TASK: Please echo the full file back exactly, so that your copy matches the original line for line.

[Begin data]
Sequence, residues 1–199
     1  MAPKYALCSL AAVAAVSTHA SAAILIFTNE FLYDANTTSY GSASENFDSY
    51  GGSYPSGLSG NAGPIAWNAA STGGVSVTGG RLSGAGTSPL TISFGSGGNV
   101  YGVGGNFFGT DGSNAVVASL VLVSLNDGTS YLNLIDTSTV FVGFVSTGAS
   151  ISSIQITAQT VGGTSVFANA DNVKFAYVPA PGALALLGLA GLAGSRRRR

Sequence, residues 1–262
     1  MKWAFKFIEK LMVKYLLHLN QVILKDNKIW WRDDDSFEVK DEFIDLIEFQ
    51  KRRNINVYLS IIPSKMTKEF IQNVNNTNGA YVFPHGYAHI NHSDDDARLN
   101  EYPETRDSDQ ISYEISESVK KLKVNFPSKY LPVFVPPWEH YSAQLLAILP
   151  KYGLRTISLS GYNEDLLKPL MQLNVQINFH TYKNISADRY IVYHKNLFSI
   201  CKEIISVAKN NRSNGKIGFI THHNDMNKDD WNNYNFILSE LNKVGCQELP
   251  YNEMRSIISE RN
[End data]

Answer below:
Sequence, residues 1–199
     1  MAPKYALCSL AAVAAVSTHA SAAILIFTNE FLYDANTTSY GSASENFDSY
    51  GGSYPSGLSG NAGPIAWNAA STGGVSVTGG RLSGAGTSPL TISFGSGGNV
   101  YGVGGNFFGT DGSNAVVASL VLVSLNDGTS YLNLIDTSTV FVGFVSTGAS
   151  ISSIQITAQT VGGTSVFANA DNVKFAYVPA PGALALLGLA GLAGSRRRR

Sequence, residues 1–262
     1  MKWAFKFIEK LMVKYLLHLN QVILKDNKIW WRDDDSFEVK DEFIDLIEFQ
    51  KRRNINVYLS IIPSKMTKEF IQNVNNTNGA YVFPHGYAHI NHSDDDARLN
   101  EYPETRDSDQ ISYEISESVK KLKVNFPSKY LPVFVPPWEH YSAQLLAILP
   151  KYGLRTISLS GYNEDLLKPL MQLNVQINFH TYKNISADRY IVYHKNLFSI
   201  CKEIISVAKN NRSNGKIGFI THHNDMNKDD WNNYNFILSE LNKVGCQELP
   251  YNEMRSIISE RN